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‘Plan for Moody Hall to fall into rack and ruin’

Campaigners have said they are no closer to finding out how Cheshire East Council will help to preserve the future of a historic boarded-up building, which was once again set on fire deliberately two weeks ago.

Representatives of the Elizabeth Group were outside Moody Hall in Congleton on Tuesday.

They hope that one day it can be the location of a museum to honour suffragist Elizabeth Wolstenholme Elmy.

The three-storey hall, on Moody Street, was once her home and where she founded a girls’ school in the 1860s.

It was for some years a restaurant and more latterly a care home, which closed in 2017 and has been derelict and boarded-up ever since.

There have been at least two fires there, the most recent on 20th August, which is under investigation by police, as reported by the Chronicle.

The coverage led to an interview recorded by BBC Radio Stoke outside Moody Hall on Tuesday as campaigners stepped up their pressure on Cheshire East to do what it could to protect the building’s future.

Moody Hall is believed to be owned by Birmingham-based Ghian Properties. A petition was launched by Susan Munro, chair of the Elizabeth Group, last year calling on Cheshire East to intervene with a compulsory purchase order.

She had hoped that the council would respond after last month’s fire but she has heard nothing.

Mrs Munro told the Chronicle on Tuesday: “We have been onto Cheshire East since the latest fire but we can’t pin down anyone who is looking into our concerns.”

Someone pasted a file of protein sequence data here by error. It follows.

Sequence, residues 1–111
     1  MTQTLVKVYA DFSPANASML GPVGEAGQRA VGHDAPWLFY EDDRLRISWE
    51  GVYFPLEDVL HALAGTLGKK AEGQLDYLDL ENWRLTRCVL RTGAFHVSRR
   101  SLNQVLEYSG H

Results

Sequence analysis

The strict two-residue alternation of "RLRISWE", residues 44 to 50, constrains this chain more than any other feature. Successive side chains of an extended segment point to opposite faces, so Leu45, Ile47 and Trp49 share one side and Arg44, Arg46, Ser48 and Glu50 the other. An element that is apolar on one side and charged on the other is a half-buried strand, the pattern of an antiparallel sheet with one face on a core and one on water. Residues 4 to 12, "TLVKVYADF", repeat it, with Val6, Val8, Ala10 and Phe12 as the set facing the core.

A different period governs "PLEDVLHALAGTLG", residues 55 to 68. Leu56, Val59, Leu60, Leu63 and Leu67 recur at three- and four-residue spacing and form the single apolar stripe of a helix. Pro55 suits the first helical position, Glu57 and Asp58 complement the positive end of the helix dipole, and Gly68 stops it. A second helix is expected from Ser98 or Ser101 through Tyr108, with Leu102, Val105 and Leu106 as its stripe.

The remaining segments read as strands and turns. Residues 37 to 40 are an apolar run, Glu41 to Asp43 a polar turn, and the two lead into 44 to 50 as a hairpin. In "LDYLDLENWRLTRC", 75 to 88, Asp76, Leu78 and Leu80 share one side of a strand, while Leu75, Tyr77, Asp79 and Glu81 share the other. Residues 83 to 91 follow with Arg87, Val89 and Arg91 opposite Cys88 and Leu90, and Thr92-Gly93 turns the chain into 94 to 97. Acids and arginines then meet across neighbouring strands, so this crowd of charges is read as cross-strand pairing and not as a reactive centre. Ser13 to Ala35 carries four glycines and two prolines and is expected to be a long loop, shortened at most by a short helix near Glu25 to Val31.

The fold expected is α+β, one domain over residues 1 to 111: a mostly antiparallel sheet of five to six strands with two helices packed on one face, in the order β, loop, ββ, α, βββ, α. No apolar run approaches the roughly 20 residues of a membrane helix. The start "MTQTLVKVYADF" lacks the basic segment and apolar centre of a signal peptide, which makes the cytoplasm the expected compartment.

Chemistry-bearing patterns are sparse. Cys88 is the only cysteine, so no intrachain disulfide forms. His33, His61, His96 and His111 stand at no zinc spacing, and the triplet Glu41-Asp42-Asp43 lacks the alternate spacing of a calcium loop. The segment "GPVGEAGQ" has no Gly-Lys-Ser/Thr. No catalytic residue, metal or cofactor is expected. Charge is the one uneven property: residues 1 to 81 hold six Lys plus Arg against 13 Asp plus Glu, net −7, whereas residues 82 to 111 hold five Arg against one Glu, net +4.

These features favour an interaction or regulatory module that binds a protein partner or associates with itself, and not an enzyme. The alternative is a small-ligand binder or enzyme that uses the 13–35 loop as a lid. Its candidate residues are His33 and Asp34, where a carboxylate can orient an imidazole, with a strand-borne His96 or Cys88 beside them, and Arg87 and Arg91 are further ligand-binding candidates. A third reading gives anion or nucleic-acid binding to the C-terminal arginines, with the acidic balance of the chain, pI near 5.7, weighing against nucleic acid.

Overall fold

In the meantime, Elizabeth’s Group is promoting its heritage trail brochure that can be used as a guide for walks around Congleton. It points out places connected to Elizabeth Wolstenholme Elmy and her husband, Ben Elmy. They include the long-since demolished Eaton and Albion mills as well as Salford Mill (now Jantex) and Kinsey Street school room, Moody Hall itself and Buxton House, where the suffragist and her husband lived.

Mrs Munro, whose group campaigned, fund-raised for and unveiled the Elizabeth statue on Bridge Street last year, said she feared that unless action was taken to save Moody Hall it would go the same way as Bossons Mill, which was eventually demolished because it was unsafe.

“We’ve lost so many of Congleton’s historic buildings in the 20 years I have been living here, such as Bossons Mill,” she said.

Gazing at the boarded-up Moody Hall, where tall weeds grow at the front, Mrs Munro said: “Up to 2017 it was a care home with beautiful stained glass windows and a wonderful staircase. Now it’s an absolute disgrace.”

Pointing down the side of Moody Hall and referring to the trees and land beyond the mesh security fence, she added: “Those trees have got preservation orders. The back of Moody Hall is near the Howty Brook, which acts as a wildlife corridor through the town.”

Fearing for the future of the building, Mrs Munro said: “I think there is a plan for it to fall into rack and ruin.”

But she said she believed its future should be as a museum to honour Mrs Wolstenholme Elmy. “We want somewhere that would house a permanent exhibition about her. Elizabeth’s Group would be happy if the building could be saved, even if it is brought back into use for assisted living.

“We are losing everything to developers and getting nothing in return,” said Mrs Munro.
Congleton town councillor Kay Wesley, a trustee of Elizabeth’s Group, said Cheshire East conservation officers have said “they will do what it takes to safeguard” Moody Hall.

“But that’s not enough,” she said. “We want it restored and brought back to life. We would like to see some action taken to get the owner to do something about it.”

Cheshire East was asked to comment.

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